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US troops at border should ‘consider it a rifle’ if migrants throw rocks, Trump says

President Donald J. Trump talks with reporters along the South Lawn of the White House Wednesday, Oct. 31, 2018, prior to boarding Marine One to begin his trip to Fort Myers, Fla. (Official White House Photo by Joyce N. Boghosian)
November 02, 2018

If migrants throw rocks at U.S. troops stationed at the southern border, the troops should “consider it a rifle” and that they’re being shot at when responding, President Donald Trump said this week, seemingly contradicting the military’s rules of engagement.

Trump was asked at a press conference on Thursday if he sees the military firing at migrants who are trying to cross the border.

“I hope not,” Trump said. “I hope there won’t be that. But I will tell you this: anybody throwing stones, rocks – like they did to Mexico and the Mexican military, Mexican police – where they badly hurt police and soldiers – we will consider that a firearm, because there’s not much difference when you get hit in the face with a rock.”

Trump told them to “consider it a rifle” if migrants throw rocks, he said.

“You saw that three days ago [in Mexico] – [the caravan is] really hurting the military. We’re not going to put up with that. They want to throw rocks at our military, our military fights back. We’re going to consider it – I told them: Consider it a rifle. When they throw rocks like they did at the Mexico military and police, I said: Consider it a rifle,” Trump said.

This week, Trump said that up to 15,000 troops could be sent to the southern border – which would be more than double the roughly 7,000 troops that are to be stationed there already – in advance of the migrant caravan making its way through Mexico to the United States.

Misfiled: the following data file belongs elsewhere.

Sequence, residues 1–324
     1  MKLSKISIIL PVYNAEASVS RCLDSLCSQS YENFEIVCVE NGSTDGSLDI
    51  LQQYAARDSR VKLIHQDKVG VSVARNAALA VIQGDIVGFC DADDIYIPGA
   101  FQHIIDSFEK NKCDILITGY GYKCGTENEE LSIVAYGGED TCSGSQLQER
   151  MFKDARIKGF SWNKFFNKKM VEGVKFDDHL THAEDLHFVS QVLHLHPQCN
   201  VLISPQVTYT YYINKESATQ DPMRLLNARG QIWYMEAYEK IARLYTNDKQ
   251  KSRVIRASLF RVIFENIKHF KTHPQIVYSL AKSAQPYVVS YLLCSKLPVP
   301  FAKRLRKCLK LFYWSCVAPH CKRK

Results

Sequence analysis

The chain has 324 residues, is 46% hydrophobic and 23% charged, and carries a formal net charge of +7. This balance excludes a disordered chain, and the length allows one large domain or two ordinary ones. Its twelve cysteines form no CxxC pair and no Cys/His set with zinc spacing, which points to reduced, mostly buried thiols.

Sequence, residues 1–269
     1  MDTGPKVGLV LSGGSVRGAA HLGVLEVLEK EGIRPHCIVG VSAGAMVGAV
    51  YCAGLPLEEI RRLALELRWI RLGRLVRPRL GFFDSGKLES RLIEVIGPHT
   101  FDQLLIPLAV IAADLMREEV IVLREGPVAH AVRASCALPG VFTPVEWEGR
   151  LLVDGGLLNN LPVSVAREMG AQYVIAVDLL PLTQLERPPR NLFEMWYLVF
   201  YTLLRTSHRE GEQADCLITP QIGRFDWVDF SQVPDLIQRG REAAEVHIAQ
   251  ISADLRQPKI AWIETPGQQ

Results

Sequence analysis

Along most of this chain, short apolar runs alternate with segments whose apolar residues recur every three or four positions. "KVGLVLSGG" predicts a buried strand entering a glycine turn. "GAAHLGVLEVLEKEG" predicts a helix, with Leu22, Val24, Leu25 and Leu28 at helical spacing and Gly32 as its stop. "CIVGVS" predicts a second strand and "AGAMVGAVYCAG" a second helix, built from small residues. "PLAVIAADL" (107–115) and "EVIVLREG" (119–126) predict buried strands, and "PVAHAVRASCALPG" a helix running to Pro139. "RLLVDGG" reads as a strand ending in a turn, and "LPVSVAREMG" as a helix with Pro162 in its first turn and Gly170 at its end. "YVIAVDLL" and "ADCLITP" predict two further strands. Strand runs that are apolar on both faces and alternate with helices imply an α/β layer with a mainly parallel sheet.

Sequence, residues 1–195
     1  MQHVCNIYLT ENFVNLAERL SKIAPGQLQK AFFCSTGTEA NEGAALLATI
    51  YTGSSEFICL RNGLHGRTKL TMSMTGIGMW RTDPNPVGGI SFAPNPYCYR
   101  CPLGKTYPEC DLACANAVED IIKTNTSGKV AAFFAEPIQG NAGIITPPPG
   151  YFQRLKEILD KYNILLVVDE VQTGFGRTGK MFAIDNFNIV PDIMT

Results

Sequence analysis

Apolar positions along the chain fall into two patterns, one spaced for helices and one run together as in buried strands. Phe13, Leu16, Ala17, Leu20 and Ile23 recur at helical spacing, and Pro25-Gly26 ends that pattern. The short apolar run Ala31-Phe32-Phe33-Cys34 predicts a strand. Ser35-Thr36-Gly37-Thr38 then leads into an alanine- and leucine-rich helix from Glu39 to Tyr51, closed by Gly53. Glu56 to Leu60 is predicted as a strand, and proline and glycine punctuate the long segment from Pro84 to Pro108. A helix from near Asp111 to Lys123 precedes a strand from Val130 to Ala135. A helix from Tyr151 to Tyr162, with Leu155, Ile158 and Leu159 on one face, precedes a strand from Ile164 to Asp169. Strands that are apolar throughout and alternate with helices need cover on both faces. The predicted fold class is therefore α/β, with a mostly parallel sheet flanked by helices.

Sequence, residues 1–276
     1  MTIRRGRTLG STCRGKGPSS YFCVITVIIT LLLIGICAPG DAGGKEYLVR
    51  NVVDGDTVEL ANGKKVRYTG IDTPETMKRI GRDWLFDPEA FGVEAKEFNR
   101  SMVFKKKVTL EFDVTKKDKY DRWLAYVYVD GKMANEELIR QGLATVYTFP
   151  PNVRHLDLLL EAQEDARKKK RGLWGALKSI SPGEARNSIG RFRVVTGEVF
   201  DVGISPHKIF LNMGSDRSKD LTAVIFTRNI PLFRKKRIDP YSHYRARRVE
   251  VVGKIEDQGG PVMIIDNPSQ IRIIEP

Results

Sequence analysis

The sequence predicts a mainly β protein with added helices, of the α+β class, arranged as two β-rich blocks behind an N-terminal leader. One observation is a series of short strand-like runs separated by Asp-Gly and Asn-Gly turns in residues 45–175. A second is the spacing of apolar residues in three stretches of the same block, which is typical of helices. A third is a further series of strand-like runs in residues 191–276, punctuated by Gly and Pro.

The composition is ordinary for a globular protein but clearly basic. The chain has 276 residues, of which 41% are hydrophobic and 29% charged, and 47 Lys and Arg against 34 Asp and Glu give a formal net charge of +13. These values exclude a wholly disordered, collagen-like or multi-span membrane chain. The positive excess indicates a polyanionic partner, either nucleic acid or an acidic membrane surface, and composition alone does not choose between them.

This, after it was announced earlier this week that an additional 5,200 troops would deploy to the border. Such a number of troops is comparable to the number of troops currently deployed to Afghanistan.

There are several ongoing, concurrent missions taking place at the southern border:

  • Operation Secure Line, which is the Customs and Border Protection (CBP) mission to prepare for the arrival and attempted crossing of the migrant caravan;
  • Operation Guardian Support, which is the National Guard deployment of 2,100 troops via state governors to logistically support local law enforcement; and,
  • Operation Faithful Patriot, the most recently announced mission of 5,200 active duty U.S. troops to build barriers, erect wire fencing to secure gaps along the border and build tent cities, among other things.

It has been reported that not all deployed troops will be armed at the U.S.-Mexico border.

Newsweek reported this week on leaked documents that reportedly detail how troops are preparing for various situations at the border, from “unregulated militias to transcontinental criminal organizations,” and that those groups might be armed.

The U.S. Military’s Standard Rules for the Use of Force are explicitly outlined, and they include rules on self-defense and use of deadly force.

Task & Purpose spoke exclusively to Air Force Gen. Terrence John O’Shaughnessy, head of U.S. Northern Command (NORTHCOM), which is leading the operations at the southern border.